We estimate the effects of hospital mergers, using detailed data containing medical supply transactions (representing 23 percent of operating costs) from a sample of US hospitals 2009-2015. Pre-merger price variation across hospitals (Gini coefficient 7 percent) suggests significant opportunities for cost decreases. However, we observe limited evidence of actual savings. On average, targets realize 1.9 percent savings; acquirers realize no significant savings. Examining treatment effect heterogeneity to shed light on theories of "buyer power," we find that savings, when they occur, tend to be local, and potential benefits of savings may be offset by managerial costs of merging.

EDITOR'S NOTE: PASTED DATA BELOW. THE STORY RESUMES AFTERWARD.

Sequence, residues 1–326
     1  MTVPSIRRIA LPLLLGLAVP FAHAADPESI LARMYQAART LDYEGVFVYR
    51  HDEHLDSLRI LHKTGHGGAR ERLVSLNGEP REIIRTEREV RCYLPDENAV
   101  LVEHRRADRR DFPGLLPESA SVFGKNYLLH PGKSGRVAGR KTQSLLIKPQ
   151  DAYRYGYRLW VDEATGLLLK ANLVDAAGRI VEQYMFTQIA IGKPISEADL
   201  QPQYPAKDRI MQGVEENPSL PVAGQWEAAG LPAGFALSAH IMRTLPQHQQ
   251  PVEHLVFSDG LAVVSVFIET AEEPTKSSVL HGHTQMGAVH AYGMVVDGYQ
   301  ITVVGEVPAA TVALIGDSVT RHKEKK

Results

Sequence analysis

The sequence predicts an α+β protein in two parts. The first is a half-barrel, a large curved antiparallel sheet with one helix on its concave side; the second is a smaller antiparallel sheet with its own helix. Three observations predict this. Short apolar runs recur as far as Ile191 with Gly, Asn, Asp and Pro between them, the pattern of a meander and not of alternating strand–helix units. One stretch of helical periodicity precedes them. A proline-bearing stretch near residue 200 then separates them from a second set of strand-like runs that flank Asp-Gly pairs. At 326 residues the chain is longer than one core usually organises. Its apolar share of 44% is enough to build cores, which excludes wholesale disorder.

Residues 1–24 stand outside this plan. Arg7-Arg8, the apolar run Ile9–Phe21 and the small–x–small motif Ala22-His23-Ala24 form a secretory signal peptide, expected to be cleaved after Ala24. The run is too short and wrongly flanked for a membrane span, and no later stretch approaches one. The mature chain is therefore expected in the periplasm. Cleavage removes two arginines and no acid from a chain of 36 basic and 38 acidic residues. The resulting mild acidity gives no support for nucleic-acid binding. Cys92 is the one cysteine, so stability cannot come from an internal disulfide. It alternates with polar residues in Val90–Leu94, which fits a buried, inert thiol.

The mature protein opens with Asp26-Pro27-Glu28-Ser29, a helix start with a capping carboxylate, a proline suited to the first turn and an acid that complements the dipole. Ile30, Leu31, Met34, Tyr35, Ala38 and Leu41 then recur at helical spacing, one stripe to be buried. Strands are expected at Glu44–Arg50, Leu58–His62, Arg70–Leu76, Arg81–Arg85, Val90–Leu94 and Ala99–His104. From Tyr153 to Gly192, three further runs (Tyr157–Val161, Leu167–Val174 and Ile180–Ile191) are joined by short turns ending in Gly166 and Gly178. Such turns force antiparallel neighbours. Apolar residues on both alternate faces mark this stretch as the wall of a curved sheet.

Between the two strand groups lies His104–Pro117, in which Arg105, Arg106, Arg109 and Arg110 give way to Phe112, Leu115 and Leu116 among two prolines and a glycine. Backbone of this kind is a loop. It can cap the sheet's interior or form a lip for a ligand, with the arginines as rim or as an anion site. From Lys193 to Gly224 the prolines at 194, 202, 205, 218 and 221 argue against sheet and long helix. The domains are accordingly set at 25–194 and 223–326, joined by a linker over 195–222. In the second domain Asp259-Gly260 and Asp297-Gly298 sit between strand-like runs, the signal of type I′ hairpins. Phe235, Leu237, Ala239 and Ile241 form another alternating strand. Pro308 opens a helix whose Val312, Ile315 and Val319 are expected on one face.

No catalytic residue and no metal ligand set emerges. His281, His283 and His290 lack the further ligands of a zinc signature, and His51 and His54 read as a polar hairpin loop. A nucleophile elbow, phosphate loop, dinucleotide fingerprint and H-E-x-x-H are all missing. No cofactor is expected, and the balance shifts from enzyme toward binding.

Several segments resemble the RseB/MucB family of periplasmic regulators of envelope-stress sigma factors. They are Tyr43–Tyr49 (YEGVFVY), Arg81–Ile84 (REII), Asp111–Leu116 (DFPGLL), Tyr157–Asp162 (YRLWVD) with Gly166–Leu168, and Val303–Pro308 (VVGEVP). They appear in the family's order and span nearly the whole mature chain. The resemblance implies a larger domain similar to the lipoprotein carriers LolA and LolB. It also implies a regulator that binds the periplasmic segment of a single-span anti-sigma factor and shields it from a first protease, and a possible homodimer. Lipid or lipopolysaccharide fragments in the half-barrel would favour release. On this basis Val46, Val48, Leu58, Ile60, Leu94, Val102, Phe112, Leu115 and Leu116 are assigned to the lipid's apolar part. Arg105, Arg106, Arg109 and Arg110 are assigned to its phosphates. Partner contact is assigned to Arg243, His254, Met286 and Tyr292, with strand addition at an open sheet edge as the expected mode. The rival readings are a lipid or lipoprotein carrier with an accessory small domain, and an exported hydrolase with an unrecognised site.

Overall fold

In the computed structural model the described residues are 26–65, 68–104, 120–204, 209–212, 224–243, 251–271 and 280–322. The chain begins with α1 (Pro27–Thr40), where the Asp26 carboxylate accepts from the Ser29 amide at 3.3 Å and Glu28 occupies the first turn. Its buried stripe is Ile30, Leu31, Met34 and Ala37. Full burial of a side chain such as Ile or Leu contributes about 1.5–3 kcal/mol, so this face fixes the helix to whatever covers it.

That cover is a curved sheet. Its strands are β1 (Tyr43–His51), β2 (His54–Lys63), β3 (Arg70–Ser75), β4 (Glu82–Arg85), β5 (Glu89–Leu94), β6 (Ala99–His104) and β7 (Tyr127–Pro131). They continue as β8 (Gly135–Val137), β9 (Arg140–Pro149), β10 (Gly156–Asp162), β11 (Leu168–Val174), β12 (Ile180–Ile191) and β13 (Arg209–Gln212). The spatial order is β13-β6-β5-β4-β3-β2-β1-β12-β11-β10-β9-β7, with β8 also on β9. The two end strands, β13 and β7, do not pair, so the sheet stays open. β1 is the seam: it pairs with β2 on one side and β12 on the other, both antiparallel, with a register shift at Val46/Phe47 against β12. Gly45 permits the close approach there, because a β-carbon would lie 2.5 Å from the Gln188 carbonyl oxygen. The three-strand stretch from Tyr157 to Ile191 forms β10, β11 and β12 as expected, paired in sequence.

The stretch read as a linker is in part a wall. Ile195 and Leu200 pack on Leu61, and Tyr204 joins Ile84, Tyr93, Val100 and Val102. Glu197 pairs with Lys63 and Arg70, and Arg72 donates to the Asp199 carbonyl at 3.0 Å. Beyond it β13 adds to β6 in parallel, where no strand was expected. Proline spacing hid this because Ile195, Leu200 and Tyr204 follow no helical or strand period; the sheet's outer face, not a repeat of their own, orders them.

Craig, Stuart, Matthew Grennan, and Ashley Swanson. "Mergers and Marginal Costs: New Evidence on Hospital Buyer Power." Columbia Business School, March 27, 2019.
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